YES! WE ARE LATINOS by Alma Flor Ada and F. Isabel Campoy, pictures by David Diaz – Review by Nancy Bo Flood
Voices! Power and pride singing in Yes! We Are Latinos (Charlesbridge, 2013) is felt in each of the thirteen distinctive narrative poems. Each poem is told in the first-person of a Latino child who introduces his or her unique cultural background and situation. Personalities shine. Individuals become real. Stories touch your heart. Each poem is followed by a few pages of informative nonfiction that outlines related aspects of the child’s history and culture. What a rich and diverse bouquet of celebration!
May I introduce Juanita who says:
“I am Mexican, I live in New York. I am Latina.”
But unknown to her teacher, her home language is not Spanish, but Mixtec, a “secret language that no one in this school even suspects exists.”
And then a surprise arrives at Juanita’s classroom – a new student, Elena….
“Next to the teacher stands a girl –
her skin the same rich color as mine,
her hair, black, long, and as straight as mine, and
her face showing the same surprise as mine —
a surprise that makes her dark eyes sparkle
like black obsidian in the sun….”
Meet for a moment, Rocio, whose grandparents were refugees from Spain during the terrible times when General Franco was the dictator. Rocio shares lines from her grandparent’s diary and then her impressions when —
“A year ago I went with Abu Amaya to see Guernica –
the town…that inspired Picasso
to paint the horror of the war….”
These individual voices will touch your heart. David Diaz’s bold woodcut illustrations done in the style of the “papel picado” add a rich visual, especially his shadow silhouettes.”
I asked the authors, Alma Flor Ada and F. Isabel Campoy about their creation of this remarkable book. Here are their responses:
During our visits to schools we have had the fortune to meet countless numbers of Latino teachers, parents and children. Those encounters have always provided a rich communication between us, about the many things we all shared as Latinos, and the ones we did not, all within the same culture.
We met parents from different countries, grandparents that added sometimes two or more backgrounds to the mix of the same family. We met Latino children that only spoke English, children that only spoke Spanish, bilingual children that proudly walked the bridge of their Latino culture.
I was born in Spain, but I consider myself Latina. I have lived longer in the United States that in my native country. The story told in the book about Alicante, is a true story. The realities of war and the poverty that follows, is an unfortunate reality Spain and Latino America have shared.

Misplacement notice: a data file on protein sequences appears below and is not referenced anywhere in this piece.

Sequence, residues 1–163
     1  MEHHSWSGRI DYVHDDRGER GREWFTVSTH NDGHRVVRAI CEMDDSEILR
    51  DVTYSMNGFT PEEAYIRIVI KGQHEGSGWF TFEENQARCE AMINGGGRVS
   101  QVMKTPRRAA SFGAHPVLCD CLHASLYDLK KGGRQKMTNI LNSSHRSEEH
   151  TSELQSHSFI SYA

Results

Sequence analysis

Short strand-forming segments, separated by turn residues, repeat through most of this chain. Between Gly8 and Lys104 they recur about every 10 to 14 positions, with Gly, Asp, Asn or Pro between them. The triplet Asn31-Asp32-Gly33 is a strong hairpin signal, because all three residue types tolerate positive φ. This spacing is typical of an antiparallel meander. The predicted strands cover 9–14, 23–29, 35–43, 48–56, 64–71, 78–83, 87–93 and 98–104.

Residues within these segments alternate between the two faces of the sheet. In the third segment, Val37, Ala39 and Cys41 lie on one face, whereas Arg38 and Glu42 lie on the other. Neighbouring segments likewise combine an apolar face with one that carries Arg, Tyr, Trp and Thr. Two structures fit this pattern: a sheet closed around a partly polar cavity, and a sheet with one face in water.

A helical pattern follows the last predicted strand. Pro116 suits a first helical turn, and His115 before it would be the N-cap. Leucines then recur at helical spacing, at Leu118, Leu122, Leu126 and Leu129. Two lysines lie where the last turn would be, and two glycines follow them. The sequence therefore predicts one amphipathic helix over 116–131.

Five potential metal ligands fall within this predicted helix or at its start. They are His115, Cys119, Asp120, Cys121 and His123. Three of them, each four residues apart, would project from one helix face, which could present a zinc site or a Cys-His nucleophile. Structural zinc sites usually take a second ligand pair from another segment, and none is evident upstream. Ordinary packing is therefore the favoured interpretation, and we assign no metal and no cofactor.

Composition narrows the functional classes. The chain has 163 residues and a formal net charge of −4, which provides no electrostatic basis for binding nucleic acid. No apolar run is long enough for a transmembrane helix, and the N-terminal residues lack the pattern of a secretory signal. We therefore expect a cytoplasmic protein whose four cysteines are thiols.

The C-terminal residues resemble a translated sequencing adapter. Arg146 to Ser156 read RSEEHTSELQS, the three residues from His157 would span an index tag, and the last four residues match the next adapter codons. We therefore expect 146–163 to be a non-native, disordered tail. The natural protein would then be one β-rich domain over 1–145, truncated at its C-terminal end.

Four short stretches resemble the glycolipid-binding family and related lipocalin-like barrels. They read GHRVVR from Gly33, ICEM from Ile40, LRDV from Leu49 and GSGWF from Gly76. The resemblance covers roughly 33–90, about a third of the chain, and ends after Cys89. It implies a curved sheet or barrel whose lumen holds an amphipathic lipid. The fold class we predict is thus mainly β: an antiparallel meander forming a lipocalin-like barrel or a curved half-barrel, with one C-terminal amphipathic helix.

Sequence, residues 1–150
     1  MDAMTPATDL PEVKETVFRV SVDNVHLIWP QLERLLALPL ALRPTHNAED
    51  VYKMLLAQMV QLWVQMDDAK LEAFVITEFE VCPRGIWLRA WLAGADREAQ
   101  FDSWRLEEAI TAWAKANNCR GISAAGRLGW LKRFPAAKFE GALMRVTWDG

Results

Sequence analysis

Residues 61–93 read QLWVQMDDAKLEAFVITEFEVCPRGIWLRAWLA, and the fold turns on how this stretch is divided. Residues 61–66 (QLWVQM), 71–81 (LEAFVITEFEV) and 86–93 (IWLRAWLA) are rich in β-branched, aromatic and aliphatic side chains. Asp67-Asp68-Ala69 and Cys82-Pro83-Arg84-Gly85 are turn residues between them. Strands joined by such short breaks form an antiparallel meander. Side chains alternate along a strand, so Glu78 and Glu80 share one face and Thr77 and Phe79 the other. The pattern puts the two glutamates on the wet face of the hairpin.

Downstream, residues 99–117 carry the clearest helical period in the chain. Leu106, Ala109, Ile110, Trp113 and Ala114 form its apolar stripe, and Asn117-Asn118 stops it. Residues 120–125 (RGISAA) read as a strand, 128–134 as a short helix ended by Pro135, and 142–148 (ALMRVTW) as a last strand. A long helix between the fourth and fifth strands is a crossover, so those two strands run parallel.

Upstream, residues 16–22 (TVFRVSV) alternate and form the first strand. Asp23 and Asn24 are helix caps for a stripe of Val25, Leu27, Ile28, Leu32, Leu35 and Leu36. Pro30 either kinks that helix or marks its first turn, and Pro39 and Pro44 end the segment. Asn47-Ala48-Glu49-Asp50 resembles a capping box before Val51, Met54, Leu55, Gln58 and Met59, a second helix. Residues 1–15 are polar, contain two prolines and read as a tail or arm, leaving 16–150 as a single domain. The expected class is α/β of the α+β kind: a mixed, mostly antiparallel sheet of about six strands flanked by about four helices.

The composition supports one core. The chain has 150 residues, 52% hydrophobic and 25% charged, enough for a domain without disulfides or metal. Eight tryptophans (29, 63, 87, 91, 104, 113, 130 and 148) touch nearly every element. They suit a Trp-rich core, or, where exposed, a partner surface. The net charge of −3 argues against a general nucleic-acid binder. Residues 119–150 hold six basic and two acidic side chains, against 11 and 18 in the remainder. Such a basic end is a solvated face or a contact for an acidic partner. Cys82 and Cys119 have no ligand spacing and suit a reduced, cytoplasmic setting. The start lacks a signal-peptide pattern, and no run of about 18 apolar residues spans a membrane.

I often repeat that I am a mestiza, of cultures, of ways to see life, and I think is a virtue to belong to an identity that can feel, love, laugh and cry in more than one color.
In Yes! We Are Latinos and now also in its Spanish version ¡Sí! Somos latinos we have tried to explain to us and to anyone curious about our identities, who we are, where do we come from, what are the realities we have survived and which we are still suffering and how, only through knowledge we will be free.
History belongs to those who write it. We have already taken the pen in hand!
As Isabel has mentioned, knowledge is necessary to enjoy true freedom. As a life-long educator I have felt the need to share with young people, Latinos and non-Latinos alike, important moments of our history. But I do not believe that information can only be presented through non-fictional text, but, instead I strongly believe that literary narrative can provide the deepest aspects of reality, what Unamuno called the “intra-historia”, the daily experiences, that support the official history.
The free-verse vignettes that introduce each of the chapters of the book are meant to make the facts alive through realistic characters, boys and girls who live the consequences of the facts presented.
It is our hope that their portraits –based on composite of real life individuals we have known throughout our lives- will not only be good motivators to read about the history of their people, but that they will be memorable, and, become a motivation for the readers to want to get to know better their own relatives, friends, and classmates, and perhaps offer some insights about themselves.
David Díaz contribution has enriched the book. By making his woodcuts in the style of “papel picado,” a beloved handcraft he offers an additional element of authenticity to the narrative.
We were absolutely delighted seeing how he could capture the essence of the characters and embellish the book with those black silhouettes.
READERS of all ages, this is a stunning book that crumbles stereotypes.